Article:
There is concern the proposed $3 million fine for breaches of people's privacy under the National Identification System (NIDS) is not sufficient to guard against data leaks.
The issue came in for debate Thursday evening during the second public consultation held by the joint select committee of parliament reviewing the National Identification and Registration Bill, which will establish the NIDS.
Justice Minister Delroy Chuck noted that Jamaica has been trying to move away from imprisonment as punishment for crimes, reserving that penalty for persons who pose a danger to society.
However, Foreign Affairs Minister Kamina Johnson Smith argued that there are persons for whom a fine would not prove a deterrent.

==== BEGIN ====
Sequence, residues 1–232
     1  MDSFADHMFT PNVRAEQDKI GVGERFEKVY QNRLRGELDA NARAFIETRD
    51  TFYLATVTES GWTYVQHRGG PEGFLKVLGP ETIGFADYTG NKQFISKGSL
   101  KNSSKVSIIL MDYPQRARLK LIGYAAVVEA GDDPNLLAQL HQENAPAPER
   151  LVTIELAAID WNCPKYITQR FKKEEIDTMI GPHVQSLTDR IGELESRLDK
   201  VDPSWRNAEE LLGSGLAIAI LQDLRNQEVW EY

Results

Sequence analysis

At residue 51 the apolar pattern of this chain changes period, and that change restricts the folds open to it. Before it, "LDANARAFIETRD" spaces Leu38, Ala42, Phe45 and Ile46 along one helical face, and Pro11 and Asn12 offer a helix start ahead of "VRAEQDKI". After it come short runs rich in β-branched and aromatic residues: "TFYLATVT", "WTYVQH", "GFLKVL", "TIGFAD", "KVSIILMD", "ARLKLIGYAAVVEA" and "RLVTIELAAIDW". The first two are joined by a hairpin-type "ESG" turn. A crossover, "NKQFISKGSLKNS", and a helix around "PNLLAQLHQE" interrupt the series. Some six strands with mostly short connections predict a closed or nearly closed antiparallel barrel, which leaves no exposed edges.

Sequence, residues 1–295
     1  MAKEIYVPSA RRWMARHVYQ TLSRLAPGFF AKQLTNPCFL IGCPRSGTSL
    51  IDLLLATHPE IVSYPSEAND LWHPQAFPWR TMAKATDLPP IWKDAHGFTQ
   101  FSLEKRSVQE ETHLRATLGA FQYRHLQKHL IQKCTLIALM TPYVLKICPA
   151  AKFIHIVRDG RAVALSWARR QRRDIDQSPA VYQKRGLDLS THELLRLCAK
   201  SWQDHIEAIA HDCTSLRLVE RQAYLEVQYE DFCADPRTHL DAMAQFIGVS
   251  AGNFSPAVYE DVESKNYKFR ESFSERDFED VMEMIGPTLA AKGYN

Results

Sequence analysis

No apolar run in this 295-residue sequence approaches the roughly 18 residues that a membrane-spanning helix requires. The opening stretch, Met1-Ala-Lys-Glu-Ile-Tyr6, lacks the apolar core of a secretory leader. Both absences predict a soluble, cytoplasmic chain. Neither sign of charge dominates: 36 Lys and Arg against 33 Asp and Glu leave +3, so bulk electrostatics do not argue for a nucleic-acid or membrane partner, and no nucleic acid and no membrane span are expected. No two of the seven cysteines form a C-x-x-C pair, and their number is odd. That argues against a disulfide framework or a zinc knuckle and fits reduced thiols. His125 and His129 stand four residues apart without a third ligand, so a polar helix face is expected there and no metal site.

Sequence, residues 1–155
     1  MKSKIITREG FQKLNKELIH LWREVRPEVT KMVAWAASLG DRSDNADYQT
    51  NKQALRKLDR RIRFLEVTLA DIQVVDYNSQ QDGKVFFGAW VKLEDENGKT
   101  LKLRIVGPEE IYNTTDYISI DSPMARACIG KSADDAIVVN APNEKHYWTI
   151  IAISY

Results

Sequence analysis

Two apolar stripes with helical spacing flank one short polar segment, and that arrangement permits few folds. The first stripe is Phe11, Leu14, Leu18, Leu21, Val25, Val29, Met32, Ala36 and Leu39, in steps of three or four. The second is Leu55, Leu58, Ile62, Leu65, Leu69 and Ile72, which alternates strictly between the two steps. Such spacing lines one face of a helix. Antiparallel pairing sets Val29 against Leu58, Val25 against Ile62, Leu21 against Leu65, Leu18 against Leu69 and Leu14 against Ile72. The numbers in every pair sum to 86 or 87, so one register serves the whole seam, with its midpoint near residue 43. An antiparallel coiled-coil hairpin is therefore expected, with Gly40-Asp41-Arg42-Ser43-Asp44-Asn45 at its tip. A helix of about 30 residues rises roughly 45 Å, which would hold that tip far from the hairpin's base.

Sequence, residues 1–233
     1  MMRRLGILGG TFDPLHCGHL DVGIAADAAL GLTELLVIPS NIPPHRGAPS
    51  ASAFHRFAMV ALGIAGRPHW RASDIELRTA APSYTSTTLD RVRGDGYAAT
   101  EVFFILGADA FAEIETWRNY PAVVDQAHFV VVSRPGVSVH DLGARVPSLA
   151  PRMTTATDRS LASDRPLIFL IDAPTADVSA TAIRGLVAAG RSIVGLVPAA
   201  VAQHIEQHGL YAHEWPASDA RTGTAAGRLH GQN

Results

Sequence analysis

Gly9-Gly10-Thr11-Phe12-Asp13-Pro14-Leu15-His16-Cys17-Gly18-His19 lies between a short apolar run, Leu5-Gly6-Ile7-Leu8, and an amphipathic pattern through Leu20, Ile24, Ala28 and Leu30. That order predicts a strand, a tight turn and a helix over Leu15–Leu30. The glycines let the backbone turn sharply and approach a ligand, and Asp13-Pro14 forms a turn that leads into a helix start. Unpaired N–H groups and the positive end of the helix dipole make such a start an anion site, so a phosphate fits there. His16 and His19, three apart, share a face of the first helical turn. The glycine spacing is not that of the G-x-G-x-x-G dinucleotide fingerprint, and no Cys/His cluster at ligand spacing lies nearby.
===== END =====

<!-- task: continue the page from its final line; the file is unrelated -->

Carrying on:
"If a person was incentivised to breach the obligation of secrecy for monetary gain, so if somebody was selling information for personal gain or for enrichment, it is possible - and this is how organised crime works - they budget for the risk versus the fine. But imprisonment is something which is very different. It is the only true disincentive for someone who thinks that money can be found elsewhere, whether to pay a fine, etc.," she pointed out.
Attorney General Marlene Malahoo Forte agreed the issue requires special attention.
She urged members of the public to provide feedback on the penalty for privacy breaches so that the committee can take the matter under consideration.